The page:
Tuesday – “It’s market day in Rostrenen”, said the events sheet. We set off on a delightful cycling / walking rail trail. Forest and fields, signs to beware of deer and wild boar – but they were wary of us. Delightful vistas across the rolling farmlands, a flock of gulls followed a farmer’s plough. After passing through a couple of tiny hamlets, we reached Rostrenen, quite a large town and centre of the region. The market was fascinating, tempting food of all kinds, clothes, flowers, cookware. The cherries and strawberries! Lunch was a beer and a croque-monsieur, sitting in the sun outside a bar, people watching - and marvelling at the cars and vans negotiating impossibly narrow spaces at the back of the market stalls. An imposing old chateau / “college” in the centre of the town is now an un-employed peoples’ centre. Dinner that night was at the local creperie (buckwheat crepes are a Breton specialty) with cider, different and very tasty. It was still light after 9pm, we were delighted to see a couple of otters swimming along the canal.

Wednesday – from Bon Repos to Glomel. With our bikes and loaded panniers, we set off in light drizzle. Firstly to Gouarec to change some pounds to euros – and the bank directed us to the Post Office! It rained on and off but the bikes performed well along the muddy tow-path. With the essential full mudguards, I could indulge in splashing through muddy puddles with feet up, a guilty pleasure long-forgotten since childhood! We cycled from Lock 139 to Lock 160. Each lock has its own lock-keeper’s cottage, all built to the same basic design but all different, some dilapidated, a few almost in ruins; others are holiday houses and a few permanently occupied. The cloud lifted to reveal lovely reflections in the canal. Forest and fields again, we passed a double lock and the lovely Chapel de la Pitié, several lakes (canal reservoirs) and through the Grand Tranchée, the big cutting. This is the highest part of the canal – 184 metres above sea-level. Its construction was a mammoth undertaking in the early 1800s, by labourers and Napoleon’s Spanish prisoners-of-war.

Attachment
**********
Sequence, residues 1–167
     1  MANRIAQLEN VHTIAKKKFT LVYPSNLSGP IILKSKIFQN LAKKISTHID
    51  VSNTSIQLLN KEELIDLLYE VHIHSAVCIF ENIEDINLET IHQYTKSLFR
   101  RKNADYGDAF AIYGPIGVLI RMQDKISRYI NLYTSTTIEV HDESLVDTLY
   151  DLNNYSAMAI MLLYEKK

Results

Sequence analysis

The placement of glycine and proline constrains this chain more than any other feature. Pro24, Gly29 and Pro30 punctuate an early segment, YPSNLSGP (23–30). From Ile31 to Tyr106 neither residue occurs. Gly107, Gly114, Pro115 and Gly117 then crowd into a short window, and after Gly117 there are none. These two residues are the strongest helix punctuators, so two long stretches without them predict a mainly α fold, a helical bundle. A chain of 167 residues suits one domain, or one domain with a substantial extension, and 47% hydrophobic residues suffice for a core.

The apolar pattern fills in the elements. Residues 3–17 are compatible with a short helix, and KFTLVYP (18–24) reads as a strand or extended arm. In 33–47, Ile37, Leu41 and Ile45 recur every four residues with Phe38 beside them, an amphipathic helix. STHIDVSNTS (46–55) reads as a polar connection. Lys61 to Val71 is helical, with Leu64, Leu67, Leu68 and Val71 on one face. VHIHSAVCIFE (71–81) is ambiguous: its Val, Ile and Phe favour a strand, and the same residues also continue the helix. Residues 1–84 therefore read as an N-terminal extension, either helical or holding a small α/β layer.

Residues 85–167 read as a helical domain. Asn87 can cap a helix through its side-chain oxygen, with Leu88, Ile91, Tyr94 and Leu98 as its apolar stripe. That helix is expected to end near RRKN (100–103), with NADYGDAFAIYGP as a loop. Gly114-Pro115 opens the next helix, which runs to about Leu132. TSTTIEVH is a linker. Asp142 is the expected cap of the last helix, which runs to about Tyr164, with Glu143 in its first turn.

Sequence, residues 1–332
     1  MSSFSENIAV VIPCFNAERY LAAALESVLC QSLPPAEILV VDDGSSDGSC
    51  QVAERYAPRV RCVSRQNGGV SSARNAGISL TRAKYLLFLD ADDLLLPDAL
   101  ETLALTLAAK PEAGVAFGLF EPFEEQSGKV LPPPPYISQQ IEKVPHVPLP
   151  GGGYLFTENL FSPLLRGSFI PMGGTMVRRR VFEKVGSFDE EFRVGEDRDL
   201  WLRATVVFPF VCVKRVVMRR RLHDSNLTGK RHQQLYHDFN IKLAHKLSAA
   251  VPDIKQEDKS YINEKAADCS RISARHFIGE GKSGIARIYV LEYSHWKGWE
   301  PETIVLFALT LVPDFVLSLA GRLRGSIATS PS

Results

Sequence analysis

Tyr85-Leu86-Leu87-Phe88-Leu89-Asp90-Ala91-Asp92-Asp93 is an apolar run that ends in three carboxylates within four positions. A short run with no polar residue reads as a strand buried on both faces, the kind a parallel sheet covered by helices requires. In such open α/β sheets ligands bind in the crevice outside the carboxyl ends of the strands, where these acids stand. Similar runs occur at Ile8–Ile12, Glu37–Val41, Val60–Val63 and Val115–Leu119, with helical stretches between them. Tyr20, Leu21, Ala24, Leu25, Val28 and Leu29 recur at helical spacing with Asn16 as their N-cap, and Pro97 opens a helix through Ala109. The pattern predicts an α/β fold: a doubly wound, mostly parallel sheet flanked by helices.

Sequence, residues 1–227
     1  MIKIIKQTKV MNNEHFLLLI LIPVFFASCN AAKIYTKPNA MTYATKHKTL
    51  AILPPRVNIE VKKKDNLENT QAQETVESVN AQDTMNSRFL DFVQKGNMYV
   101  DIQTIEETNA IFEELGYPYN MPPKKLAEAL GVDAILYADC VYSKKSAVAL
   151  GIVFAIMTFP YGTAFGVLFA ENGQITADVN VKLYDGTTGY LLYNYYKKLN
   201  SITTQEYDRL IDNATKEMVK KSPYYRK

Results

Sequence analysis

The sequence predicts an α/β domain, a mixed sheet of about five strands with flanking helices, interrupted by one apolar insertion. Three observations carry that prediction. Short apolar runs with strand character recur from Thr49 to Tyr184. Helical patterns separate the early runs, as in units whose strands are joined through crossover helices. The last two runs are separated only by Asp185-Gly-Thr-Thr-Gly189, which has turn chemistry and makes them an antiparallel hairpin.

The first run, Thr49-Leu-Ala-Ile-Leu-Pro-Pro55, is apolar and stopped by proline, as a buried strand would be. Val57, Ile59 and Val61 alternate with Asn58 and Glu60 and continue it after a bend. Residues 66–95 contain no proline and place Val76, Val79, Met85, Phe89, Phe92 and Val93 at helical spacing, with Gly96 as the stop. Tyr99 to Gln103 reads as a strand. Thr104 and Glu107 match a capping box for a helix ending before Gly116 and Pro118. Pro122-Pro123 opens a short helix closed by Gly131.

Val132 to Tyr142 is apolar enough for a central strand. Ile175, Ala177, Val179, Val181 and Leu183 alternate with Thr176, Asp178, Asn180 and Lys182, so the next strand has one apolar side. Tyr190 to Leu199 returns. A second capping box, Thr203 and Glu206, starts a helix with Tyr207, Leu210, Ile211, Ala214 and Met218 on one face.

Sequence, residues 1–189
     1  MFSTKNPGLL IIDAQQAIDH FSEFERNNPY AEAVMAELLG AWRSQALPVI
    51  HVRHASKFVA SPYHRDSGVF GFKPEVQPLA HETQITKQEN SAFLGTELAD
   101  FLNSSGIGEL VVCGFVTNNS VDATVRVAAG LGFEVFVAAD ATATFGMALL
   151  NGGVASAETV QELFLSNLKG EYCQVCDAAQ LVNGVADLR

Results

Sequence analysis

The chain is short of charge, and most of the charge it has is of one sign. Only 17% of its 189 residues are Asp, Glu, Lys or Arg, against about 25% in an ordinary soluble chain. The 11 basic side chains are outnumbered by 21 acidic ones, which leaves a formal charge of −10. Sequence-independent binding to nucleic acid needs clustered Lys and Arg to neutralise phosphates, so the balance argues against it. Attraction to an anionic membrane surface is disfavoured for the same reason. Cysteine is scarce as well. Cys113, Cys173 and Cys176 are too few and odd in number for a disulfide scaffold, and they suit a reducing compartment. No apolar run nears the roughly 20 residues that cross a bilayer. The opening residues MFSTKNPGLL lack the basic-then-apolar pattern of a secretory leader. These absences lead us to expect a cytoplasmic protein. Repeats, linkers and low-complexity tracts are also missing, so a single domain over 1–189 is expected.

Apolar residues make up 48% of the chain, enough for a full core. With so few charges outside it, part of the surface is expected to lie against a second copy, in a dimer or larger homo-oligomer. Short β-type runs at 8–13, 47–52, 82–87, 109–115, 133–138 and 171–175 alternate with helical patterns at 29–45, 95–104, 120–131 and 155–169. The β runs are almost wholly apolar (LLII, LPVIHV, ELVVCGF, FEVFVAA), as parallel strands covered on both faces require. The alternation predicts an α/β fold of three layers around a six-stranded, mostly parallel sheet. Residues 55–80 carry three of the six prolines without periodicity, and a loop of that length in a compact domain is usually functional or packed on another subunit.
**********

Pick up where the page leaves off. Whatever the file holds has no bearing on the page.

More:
Our delightful small hotel (chambres d’hôte) at Glomel, “Canal Chouette” (owl), overlooked a large lake on the canal. Our room was quite different to the hotel room, we had a king-sized bed, a good shower – and a kettle! More like a good Australian motel room. Marie-Jeanne, our host, has a spacious guest lounge with an excellent collection of tourist brochures and maps on Brittany, and quite a library of books and magazines. There is a telescope for watching the birds on the lake. And she sports very chic French specs! It helped that I could speak a bit of French from my University of the 3rd Age French class; we were the only guests that night. Dinner – hors d’oeuvres with cider, asparagus and pea soup, sausage and vegs with a carafe of red wine, Breton tart. Real French home cooking, very welcoming. Our charming hostess a few years ago walked the Pilgrim Way of St Jacques, not just from the Spanish border, but all the way from Brest in far northwest Brittany, to Santiago de Compostella in western Spain. May to August, what a journey.